- Associated Press - Wednesday, April 23, 2014

JACKSONVILLE, Fla. (AP) - No Maurice Jones-Drew. No Brad Meester. Not even Blaine Gabbert.

The Jacksonville Jaguars are getting their first look at the latest stage of their rebuilding project, an offensive overhaul that includes the loss of several starters.

Players went through the second day of offseason conditioning drills Wednesday and were still getting accustomed to not seeing Jones-Drew, Meester and others in the locker room.

“Growing up in Cleveland and not knowing a lot about the Jaguars, all you knew was Maurice Jones-Drew from my age bracket,” receiver Cecil Shorts III said. “It’s going to be different. We’re going to miss his presence, his leadership on and off the field, just him being around. He’s a good friend, a good teammate.”

The Jaguars let Jones-Drew walk in free agency, opting not to re-sign the 29-year-old running back who carried 1,804 times for 8,071 yards and 68 touchdowns in eight seasons. Meester, who started the last 90 games at center, retired in January after 14 seasons in Jacksonville.

The Jaguars also traded quarterback Gabbert to San Francisco and parted ways with veteran guard Uche Nwaneri. Throw in the uncertain future of suspended receiver Justin Blackmon, and the Jaguars could have a significantly different offensive look in 2014. And they’re hoping for significantly different results.

Jacksonville ranked 31st in the league in total offense last season.

But the Jaguars believe things will be better in 2014. They kept their entire offensive coaching staff intact and added former Denver guard Zane Beadles (five years, $30 million) and former Minnesota running back Toby Gerhart (three years, $10.5 million) in free agency.

They also made Chad Henne the starter, an indication they don’t anticipate selecting a franchise quarterback with the third pick in next month’s NFL draft.

Henne welcomed his solidified role.

“My antics are going to be different,” Henne said. “I’m not going to just be laid back. I’m going to expect more. I’m going to expect more out of myself and demand a lot more from the guys rather than taking a back seat.”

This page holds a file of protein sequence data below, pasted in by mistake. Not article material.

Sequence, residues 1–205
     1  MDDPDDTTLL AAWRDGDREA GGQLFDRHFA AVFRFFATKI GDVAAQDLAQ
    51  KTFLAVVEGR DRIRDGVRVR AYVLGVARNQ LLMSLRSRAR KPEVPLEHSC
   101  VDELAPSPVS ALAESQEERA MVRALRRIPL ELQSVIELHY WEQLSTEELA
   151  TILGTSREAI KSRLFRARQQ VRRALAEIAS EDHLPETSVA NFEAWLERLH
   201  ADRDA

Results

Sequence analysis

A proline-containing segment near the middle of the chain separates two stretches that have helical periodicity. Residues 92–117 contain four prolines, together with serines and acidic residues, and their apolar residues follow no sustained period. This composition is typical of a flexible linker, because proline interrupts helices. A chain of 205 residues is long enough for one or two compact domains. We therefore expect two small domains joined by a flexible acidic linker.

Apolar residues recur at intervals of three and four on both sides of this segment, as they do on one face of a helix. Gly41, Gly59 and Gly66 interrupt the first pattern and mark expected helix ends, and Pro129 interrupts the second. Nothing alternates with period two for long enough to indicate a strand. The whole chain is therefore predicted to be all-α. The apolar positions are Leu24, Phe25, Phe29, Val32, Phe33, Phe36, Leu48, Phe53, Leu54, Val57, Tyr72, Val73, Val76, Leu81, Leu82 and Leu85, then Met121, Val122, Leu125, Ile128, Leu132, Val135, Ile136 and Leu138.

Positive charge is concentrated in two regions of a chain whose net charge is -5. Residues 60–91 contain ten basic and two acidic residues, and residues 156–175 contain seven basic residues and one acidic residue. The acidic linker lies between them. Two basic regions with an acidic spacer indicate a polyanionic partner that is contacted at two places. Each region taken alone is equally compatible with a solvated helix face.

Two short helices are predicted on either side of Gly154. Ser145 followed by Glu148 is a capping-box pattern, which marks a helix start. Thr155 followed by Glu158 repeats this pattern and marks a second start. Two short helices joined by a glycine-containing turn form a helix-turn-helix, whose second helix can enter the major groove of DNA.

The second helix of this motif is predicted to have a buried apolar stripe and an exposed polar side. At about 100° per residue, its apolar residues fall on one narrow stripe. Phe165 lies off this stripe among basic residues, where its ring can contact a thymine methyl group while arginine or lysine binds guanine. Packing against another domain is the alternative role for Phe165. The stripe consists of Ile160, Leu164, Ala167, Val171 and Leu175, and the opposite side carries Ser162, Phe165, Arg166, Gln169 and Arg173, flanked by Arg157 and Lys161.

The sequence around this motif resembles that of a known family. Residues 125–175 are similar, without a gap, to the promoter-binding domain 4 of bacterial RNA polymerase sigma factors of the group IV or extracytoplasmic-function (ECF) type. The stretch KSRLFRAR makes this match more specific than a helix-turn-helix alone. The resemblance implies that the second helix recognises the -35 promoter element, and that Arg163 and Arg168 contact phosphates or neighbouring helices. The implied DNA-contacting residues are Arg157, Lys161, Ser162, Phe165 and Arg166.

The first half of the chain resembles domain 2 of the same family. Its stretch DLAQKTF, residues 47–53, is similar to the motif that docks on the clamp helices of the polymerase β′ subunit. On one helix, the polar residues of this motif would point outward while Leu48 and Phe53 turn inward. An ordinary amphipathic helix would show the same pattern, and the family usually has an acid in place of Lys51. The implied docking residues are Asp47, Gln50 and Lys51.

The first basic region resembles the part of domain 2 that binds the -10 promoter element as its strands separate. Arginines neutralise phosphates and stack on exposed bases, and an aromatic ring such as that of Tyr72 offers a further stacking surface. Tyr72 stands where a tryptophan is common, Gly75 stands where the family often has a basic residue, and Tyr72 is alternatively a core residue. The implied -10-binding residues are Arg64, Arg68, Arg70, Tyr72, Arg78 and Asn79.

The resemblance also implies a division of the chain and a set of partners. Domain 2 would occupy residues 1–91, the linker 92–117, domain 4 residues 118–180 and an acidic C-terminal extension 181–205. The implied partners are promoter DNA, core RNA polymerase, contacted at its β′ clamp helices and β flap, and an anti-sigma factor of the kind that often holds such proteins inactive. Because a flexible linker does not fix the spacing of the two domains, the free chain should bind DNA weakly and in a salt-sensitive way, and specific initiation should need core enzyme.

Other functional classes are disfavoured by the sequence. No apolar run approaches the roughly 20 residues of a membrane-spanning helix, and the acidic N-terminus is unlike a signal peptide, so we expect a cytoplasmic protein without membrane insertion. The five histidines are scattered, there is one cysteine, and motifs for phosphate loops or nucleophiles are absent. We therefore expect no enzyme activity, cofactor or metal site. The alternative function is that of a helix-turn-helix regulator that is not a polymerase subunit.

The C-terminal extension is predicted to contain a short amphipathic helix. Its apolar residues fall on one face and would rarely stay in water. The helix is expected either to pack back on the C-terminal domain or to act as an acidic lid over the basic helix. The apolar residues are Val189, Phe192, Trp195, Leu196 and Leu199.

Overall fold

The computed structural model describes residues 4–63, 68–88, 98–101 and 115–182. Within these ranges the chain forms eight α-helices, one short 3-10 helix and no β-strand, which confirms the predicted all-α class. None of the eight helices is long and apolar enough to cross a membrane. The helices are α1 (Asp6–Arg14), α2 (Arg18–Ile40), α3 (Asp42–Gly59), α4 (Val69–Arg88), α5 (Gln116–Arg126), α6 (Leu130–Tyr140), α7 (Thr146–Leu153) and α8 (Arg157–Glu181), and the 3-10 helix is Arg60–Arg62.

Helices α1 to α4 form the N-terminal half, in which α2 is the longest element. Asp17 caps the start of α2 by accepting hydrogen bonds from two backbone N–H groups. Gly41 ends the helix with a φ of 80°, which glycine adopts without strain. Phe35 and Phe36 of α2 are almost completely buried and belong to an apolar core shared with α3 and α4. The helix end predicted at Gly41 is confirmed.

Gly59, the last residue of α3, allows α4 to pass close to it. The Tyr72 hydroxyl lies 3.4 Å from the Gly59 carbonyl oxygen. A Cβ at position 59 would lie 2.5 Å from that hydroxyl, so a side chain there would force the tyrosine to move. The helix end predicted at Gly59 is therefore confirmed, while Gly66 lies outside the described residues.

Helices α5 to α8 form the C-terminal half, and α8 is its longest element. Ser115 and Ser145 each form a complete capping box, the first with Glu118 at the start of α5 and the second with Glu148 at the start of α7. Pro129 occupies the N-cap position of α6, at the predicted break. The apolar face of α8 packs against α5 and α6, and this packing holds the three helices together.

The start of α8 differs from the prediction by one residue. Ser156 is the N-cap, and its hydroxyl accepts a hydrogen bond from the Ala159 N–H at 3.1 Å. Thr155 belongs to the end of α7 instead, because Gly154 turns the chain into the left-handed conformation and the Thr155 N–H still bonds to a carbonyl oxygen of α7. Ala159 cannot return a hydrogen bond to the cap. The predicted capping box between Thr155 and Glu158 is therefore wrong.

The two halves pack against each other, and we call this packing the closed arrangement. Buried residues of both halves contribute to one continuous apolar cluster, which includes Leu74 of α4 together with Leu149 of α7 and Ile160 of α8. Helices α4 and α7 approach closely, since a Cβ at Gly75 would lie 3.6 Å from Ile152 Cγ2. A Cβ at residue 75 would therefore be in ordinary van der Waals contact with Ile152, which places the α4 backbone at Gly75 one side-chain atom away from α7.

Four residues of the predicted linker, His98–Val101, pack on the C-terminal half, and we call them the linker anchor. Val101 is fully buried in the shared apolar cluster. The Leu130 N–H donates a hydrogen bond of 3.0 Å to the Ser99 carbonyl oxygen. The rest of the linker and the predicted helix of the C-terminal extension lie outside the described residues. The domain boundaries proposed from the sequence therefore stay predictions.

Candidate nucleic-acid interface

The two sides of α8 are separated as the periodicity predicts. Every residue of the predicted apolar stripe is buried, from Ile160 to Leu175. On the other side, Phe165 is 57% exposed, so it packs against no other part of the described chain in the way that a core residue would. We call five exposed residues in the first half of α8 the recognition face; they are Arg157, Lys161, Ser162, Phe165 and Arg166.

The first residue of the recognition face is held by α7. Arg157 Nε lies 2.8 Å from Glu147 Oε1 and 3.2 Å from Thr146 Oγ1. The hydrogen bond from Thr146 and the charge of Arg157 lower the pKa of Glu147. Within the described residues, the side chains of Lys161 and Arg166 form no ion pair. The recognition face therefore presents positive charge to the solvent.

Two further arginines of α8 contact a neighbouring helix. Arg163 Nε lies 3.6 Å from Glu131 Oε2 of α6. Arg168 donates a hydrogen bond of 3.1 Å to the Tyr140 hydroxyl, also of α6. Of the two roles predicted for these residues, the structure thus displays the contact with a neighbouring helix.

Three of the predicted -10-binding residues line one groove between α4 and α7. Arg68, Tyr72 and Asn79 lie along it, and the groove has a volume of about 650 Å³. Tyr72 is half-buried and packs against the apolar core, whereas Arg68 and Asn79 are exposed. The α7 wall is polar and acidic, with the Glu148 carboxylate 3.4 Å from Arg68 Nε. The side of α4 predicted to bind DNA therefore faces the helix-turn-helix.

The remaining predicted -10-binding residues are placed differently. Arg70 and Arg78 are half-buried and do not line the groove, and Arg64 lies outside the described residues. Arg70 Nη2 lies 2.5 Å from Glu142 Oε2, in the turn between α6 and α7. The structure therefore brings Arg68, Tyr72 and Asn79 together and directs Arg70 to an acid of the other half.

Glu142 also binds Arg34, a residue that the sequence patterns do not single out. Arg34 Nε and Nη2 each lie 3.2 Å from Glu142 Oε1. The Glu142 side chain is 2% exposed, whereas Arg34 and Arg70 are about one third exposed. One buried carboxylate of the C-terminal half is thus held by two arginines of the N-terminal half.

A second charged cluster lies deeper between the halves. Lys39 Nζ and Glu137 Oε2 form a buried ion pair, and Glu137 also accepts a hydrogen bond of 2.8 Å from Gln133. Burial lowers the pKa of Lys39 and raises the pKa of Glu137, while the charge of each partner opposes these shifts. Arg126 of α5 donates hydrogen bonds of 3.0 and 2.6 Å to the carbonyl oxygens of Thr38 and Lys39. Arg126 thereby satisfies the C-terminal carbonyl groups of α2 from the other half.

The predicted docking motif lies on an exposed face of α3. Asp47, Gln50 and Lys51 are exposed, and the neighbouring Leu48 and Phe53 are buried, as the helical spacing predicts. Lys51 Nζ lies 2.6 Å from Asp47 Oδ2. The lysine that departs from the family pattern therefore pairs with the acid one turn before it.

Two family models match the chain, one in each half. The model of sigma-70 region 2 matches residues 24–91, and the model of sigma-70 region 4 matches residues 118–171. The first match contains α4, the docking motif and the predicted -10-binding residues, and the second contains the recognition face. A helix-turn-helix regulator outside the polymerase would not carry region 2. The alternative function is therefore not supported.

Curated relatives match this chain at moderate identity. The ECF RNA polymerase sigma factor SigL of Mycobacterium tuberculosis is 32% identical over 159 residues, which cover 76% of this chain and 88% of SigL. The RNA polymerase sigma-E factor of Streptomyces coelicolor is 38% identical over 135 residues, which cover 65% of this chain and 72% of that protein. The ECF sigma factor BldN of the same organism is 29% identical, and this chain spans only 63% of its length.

Henne started 13 games in place of Gabbert last season, completing 61 percent of his passes for 3,241 yards and 13 touchdowns. The quarterback, who has played in three offensive systems the last three years, expects better numbers in the second year under coordinator Jedd Fisch.

“Bouncing around systems each and every year, you’re not going to play to the best of your abilities if you’re mixing offenses,” Henne said. “I just think there’s tremendous upside here. I’m not saying we’re going to go out and make the playoffs, but we have strong goals and a strong foundation here. If we play to the best of our ability, we’re going to be successful.”

The Jaguars tried to land another huge offensive building block two weeks ago by signing Cleveland center Alex Mack to a five-year, $42 million offer sheet. The Browns matched it almost immediately, preventing the two-time Pro Bowler from joining Jacksonville.

“We felt like we had a great opportunity in front of us,” Jaguars coach Gus Bradley said. “I think it goes along with our philosophy: We always compete. We might not be able to get him, but that’s OK, let’s take a swing, go for it and see what happens.

“It just didn’t work out, but we’re not embarrassed about going for it because I think we’re always competing.”

Jacksonville plans to add several offensive players in next month’s draft, with some speculation that Clemson receiver Sammy Watkins could be the team’s first-round pick.

With Jones-Drew gone, the Jaguars certainly could use an offensive centerpiece and new leader.

“We’re asking everybody to step up,” Bradley said. “That’s the challenge for us all. I think that each one of them needs to challenge each other to be their best. That’s the type of leadership model we want to follow: to help each other get better. I feel like if we can get 90 guys in our locker room that are challenging each other, then we’re making great strides.”



AP NFL website: www.pro32.ap.org and www.twitter.com/AP_NFL

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